OCBC customers affected by the recent SMS phishing scam

Industrial & Criminal cases

SINGAPORE: All OCBC customers affected by the recent SMS phishing scam will receive “full goodwill payouts” covering the amount they lost, the bank said on Wednesday (Jan 19).

More than 100 victims have received the money, it said in a statement, adding that arrangements for the payouts will be made with all affected customers by next week.

Our comments

Dr. Pavel Melnichenko

Chief Technology Officer

It was a very big attack on bank’s clients via SMS channel. The problem here is in SMS channel itself — it is vulnurable to many risks of security. Definietly, recommendation to the clients to avoid any SMS-link is good but obviously, not enough.

There are a lot of other ways to interact with your clients without SMS while strong authentication will protect from unauthorized account access or transactions.

Any attempt to make any operation using user’s credentials will generate a confirmation request on a user’s device, so such attempts will become obvious. Meanwhile, no-OTP principles of authentication process allow to perform visibility and strong integrity control checks — thus, “what you see is what you sign”

Moreover, if any malware is deployed on a smartphone of the user, this fact will be detected and provided to the anti-fraud system installed in a bank.

“We seek the understanding and patience of our customers as thorough validation of each case requires time to ensure accuracy. This process is necessary so that every case is fairly and properly treated,” said OCBC’s group CEO Helen Wong.

“We apologise for taking more time than expected to resolve the issues with our customers during this time of distress and anxiety.”

Ms Wong said the bank has also proactively reached out to customers who might not be aware that their banking activities were susceptible to the phishing scam.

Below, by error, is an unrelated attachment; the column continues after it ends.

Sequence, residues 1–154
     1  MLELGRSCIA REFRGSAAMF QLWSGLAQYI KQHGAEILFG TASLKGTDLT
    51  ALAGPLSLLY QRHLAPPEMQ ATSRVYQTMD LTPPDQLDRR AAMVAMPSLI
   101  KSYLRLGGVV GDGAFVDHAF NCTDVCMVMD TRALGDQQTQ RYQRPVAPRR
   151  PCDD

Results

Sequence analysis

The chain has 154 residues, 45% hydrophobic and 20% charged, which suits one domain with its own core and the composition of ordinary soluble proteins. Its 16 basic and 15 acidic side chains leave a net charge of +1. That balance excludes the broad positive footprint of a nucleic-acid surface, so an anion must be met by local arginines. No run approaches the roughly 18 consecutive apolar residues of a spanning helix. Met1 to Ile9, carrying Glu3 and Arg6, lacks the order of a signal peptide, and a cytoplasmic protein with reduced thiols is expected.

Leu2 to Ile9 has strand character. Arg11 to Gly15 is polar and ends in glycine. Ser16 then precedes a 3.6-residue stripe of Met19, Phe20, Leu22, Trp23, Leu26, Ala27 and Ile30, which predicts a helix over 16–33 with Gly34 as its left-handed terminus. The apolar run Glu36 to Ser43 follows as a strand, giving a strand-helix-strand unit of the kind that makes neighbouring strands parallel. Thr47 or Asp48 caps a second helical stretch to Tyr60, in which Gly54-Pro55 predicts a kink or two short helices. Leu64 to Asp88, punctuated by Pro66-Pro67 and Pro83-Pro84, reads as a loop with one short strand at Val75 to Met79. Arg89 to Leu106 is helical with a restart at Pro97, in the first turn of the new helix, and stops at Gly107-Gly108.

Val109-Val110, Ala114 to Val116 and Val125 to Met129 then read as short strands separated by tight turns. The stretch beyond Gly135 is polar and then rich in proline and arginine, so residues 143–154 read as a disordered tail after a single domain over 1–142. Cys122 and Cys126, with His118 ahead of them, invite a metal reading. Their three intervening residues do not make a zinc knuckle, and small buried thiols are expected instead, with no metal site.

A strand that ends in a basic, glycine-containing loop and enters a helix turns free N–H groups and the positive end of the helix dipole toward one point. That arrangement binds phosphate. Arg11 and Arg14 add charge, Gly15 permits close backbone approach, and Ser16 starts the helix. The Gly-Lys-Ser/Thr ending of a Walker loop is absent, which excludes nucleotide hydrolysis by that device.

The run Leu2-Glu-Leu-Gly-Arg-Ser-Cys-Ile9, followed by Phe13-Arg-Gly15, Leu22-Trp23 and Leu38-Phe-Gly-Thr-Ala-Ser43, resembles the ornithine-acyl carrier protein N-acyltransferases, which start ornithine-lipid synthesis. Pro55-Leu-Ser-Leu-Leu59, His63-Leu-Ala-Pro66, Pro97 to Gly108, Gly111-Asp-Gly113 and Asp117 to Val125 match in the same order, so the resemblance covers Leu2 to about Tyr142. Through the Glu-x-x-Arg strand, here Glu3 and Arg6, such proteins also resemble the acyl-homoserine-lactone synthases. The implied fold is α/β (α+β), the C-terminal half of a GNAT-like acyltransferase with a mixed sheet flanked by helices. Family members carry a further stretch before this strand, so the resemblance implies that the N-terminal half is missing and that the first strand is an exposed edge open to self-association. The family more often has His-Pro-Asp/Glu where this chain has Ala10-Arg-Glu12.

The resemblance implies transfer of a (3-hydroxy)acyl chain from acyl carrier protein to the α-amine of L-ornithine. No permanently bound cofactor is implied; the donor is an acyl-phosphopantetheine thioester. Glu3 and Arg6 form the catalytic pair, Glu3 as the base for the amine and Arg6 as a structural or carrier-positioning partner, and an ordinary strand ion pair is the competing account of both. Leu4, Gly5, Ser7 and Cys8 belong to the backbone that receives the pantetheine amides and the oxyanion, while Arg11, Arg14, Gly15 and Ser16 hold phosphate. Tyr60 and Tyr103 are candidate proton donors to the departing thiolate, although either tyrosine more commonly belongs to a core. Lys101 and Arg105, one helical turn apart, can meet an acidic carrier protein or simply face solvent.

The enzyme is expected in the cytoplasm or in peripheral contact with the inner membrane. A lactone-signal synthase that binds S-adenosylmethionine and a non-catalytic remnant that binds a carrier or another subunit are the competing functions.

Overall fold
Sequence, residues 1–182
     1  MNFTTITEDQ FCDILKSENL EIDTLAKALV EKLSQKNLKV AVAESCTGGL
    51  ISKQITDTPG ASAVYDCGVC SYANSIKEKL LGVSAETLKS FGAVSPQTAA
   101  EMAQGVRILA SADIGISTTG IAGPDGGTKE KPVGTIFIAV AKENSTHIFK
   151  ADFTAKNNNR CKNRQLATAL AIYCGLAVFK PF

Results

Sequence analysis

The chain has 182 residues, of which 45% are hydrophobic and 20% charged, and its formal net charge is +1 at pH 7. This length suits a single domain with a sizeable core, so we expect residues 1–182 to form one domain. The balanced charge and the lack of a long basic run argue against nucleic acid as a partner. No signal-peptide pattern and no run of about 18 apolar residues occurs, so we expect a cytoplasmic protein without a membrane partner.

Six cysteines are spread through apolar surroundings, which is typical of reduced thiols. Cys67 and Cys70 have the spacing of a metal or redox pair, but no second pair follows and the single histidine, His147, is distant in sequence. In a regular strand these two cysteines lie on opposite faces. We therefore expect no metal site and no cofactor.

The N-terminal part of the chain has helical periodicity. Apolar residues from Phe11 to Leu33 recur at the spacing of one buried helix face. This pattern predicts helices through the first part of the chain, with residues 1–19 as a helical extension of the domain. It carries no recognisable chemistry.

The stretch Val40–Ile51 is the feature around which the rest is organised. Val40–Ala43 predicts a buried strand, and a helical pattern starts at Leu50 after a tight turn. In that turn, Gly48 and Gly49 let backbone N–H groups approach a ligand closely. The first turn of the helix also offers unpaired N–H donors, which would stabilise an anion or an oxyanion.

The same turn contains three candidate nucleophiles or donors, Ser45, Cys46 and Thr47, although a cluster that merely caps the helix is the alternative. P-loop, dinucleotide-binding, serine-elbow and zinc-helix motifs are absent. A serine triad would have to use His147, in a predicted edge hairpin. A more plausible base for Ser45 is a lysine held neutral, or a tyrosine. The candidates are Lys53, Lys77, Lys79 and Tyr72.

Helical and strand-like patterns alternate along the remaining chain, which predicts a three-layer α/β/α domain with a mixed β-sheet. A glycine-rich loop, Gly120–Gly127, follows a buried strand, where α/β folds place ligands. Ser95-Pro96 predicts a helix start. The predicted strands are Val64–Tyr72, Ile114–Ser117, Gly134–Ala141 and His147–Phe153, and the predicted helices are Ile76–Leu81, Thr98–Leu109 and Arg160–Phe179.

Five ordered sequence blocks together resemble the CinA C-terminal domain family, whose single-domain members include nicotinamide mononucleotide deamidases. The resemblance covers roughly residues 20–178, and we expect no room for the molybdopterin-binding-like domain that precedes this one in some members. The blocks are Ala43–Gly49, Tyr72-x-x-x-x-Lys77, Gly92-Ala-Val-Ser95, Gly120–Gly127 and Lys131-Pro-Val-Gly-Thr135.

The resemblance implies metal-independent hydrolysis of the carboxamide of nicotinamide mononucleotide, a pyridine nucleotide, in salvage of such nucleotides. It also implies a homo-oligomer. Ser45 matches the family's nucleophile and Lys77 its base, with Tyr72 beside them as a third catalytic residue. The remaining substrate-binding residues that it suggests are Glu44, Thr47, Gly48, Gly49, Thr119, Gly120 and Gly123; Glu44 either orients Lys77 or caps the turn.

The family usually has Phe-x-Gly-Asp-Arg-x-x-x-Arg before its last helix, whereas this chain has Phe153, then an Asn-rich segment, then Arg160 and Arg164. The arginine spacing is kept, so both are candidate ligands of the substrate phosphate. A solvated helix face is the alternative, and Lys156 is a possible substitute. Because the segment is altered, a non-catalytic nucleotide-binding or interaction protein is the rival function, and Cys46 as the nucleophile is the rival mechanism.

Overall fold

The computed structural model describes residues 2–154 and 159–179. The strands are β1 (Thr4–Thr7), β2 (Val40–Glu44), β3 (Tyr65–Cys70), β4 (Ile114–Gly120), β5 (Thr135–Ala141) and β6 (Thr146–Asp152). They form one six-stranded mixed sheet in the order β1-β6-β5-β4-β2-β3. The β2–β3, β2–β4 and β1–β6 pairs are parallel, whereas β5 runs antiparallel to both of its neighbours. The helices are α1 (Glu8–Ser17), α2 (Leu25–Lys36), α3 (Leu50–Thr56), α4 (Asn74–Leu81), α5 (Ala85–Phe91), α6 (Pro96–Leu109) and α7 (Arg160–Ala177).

“This has helped to prevent another 200 and more customers from falling prey to the scam,” she added.

OCBC first announced on Monday that it had begun making “goodwill payouts” to customers who had fallen prey to recent phishing scams involving the bank.

It did not specify then how much the payouts would be and whether all affected customers would receive the payout.

According to the police, nearly 470 people had fallen victim to the SMS phishing scams involving OCBC in December, with total losses amounting to at least S$8.5 million.

The victims received unsolicited SMSes claiming that there were issues with their banking accounts, asking them to click on a link to resolve the issue.

They were then redirected to a fake website that resembled OCBC’s and were asked to key in their ibanking account login details.

It was only after they received notifications informing them of unauthorised transactions charged to their bank accounts that victims discovered that they had been scammed.

In a separate statement on Monday, the Monetary Authority of Singapore (MAS) said it takes a “serious view” of the scam and will consider taking supervisory action against OCBC.

The authority added that it expects all financial institutions to have robust measures for fraud prevention, detection and remediation, and to provide prompt assistance to customers who have been victims of scams.